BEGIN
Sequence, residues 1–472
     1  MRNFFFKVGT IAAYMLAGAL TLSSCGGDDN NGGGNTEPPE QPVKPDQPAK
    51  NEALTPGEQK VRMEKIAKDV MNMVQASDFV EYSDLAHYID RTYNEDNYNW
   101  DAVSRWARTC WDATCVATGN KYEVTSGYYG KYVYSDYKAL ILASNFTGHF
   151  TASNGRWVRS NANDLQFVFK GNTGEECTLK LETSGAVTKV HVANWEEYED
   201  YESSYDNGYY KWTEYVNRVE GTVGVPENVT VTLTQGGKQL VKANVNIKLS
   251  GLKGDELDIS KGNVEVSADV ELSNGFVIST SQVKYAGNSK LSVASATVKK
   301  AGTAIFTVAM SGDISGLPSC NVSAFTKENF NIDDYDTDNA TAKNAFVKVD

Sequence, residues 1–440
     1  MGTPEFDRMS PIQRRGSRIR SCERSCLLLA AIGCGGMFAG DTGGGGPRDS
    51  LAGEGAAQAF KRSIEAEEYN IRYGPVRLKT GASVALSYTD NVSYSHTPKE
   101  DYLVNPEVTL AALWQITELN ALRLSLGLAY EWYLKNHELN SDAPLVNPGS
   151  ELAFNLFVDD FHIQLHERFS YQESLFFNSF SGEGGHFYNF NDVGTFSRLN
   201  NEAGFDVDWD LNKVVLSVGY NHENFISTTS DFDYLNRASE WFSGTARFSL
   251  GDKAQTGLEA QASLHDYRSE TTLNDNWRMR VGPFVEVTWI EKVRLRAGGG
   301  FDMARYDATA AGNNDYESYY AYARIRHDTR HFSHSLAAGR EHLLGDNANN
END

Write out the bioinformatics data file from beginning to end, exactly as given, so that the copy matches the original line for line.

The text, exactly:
Sequence, residues 1–472
     1  MRNFFFKVGT IAAYMLAGAL TLSSCGGDDN NGGGNTEPPE QPVKPDQPAK
    51  NEALTPGEQK VRMEKIAKDV MNMVQASDFV EYSDLAHYID RTYNEDNYNW
   101  DAVSRWARTC WDATCVATGN KYEVTSGYYG KYVYSDYKAL ILASNFTGHF
   151  TASNGRWVRS NANDLQFVFK GNTGEECTLK LETSGAVTKV HVANWEEYED
   201  YESSYDNGYY KWTEYVNRVE GTVGVPENVT VTLTQGGKQL VKANVNIKLS
   251  GLKGDELDIS KGNVEVSADV ELSNGFVIST SQVKYAGNSK LSVASATVKK
   301  AGTAIFTVAM SGDISGLPSC NVSAFTKENF NIDDYDTDNA TAKNAFVKVD

Sequence, residues 1–440
     1  MGTPEFDRMS PIQRRGSRIR SCERSCLLLA AIGCGGMFAG DTGGGGPRDS
    51  LAGEGAAQAF KRSIEAEEYN IRYGPVRLKT GASVALSYTD NVSYSHTPKE
   101  DYLVNPEVTL AALWQITELN ALRLSLGLAY EWYLKNHELN SDAPLVNPGS
   151  ELAFNLFVDD FHIQLHERFS YQESLFFNSF SGEGGHFYNF NDVGTFSRLN
   201  NEAGFDVDWD LNKVVLSVGY NHENFISTTS DFDYLNRASE WFSGTARFSL
   251  GDKAQTGLEA QASLHDYRSE TTLNDNWRMR VGPFVEVTWI EKVRLRAGGG
   301  FDMARYDATA AGNNDYESYY AYARIRHDTR HFSHSLAAGR EHLLGDNANN